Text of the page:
A seer in the ancient world (and in the Bible) is one who divines the future and answers other questions from various means, such as observing the flights of birds, for example.4 A priest in the ancient world (and in the Bible) is one who was authorized to perform the sacred rites of a religion, especially as an agent of mediation between people and God.”5 Oneiromancy, the interpretation of dreams, was prevalent throughout the ancient world (and in the Bible). Gods of the ancient world were thought to communicate with people through dreams (Matt 1:20-21; 2:13).

There was a prohibition of such practices in ancient Israel: there should not be found among you “anyone who practices divination, a soothsayer, or an augur, or a sorcerer, or a charmer, or a medium, or a wizard, or a necromancer” (Deut 18:10-12 RSV), but such figures were consulted anyway (1 Sam 9:9-12, 18-19).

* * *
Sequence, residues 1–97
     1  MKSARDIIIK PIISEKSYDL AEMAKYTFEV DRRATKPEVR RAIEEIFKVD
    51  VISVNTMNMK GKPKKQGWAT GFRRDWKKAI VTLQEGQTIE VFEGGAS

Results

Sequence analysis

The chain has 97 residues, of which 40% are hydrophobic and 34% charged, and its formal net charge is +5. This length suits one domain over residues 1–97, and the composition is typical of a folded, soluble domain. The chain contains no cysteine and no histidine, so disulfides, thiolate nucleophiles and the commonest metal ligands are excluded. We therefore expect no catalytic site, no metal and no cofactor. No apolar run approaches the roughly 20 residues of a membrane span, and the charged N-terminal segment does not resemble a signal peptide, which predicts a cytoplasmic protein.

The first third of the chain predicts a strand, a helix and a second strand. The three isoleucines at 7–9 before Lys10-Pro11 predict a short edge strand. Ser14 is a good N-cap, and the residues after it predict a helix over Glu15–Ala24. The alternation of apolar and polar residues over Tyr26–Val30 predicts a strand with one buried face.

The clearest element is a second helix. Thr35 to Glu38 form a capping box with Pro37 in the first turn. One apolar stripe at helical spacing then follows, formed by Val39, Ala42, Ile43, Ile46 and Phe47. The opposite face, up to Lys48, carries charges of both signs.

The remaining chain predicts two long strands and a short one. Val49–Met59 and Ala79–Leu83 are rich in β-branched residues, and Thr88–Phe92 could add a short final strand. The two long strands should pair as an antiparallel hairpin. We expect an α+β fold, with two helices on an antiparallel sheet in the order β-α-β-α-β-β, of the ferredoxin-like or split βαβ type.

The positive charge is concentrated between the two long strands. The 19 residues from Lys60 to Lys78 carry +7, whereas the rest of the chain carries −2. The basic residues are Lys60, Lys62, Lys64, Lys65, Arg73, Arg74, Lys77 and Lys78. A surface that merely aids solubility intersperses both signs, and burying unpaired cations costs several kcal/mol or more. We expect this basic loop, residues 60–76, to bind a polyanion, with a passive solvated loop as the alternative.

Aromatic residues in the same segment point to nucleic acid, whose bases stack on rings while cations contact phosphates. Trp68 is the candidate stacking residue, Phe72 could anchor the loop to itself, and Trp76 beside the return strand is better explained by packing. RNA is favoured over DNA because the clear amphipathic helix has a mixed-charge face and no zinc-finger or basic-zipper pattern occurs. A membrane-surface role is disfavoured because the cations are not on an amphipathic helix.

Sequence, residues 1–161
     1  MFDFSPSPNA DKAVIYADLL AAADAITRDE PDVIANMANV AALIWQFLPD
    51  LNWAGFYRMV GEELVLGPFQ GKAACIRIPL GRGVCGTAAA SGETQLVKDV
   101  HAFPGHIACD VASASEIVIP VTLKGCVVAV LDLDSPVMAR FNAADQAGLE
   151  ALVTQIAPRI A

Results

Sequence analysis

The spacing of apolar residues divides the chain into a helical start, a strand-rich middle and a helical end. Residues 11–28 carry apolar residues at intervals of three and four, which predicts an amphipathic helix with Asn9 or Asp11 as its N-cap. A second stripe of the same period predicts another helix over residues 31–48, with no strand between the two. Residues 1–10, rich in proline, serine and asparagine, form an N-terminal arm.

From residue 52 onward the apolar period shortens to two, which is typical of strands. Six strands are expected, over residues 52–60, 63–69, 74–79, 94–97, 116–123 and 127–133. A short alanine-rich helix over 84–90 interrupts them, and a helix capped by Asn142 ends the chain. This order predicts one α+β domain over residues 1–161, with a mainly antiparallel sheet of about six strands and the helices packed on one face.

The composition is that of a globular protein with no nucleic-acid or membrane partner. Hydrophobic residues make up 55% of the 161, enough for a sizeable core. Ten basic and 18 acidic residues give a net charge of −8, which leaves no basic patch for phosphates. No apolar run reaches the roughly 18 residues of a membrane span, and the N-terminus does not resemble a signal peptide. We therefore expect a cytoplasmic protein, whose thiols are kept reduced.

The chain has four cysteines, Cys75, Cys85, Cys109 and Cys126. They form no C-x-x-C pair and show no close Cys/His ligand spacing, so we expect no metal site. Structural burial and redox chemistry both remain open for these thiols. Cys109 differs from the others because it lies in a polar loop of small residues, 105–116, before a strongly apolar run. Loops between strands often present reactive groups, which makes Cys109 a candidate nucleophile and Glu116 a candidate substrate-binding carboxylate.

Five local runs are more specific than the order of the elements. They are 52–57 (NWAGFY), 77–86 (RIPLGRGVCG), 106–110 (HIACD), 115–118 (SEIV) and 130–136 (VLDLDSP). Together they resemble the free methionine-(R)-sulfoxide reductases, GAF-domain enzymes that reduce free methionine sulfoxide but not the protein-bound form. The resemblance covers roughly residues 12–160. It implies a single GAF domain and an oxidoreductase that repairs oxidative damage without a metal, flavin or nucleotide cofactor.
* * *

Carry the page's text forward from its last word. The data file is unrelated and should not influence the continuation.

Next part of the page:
These three supernatural practices still survive in modern Western society in various forms.  A psychic is a spiritual medium who answers questions dealing with matters beyond the physical world (check their availability on the internet). Priests are in the employ of certain modern religions. They are believed to have the power to mediate between God and people, particularly in the more ritualistic religious traditions (ascribing the divine presence to the elements of the Mass/Eucharist, for example). Dream interpretations are offered by psychics or mediums, who are believed to have the power to interface with the spirit world. Dream interpretation, however, has now also gone mainstream, and is a technique used by medically trained psychotherapists (hopefully not through the powers of spirits).6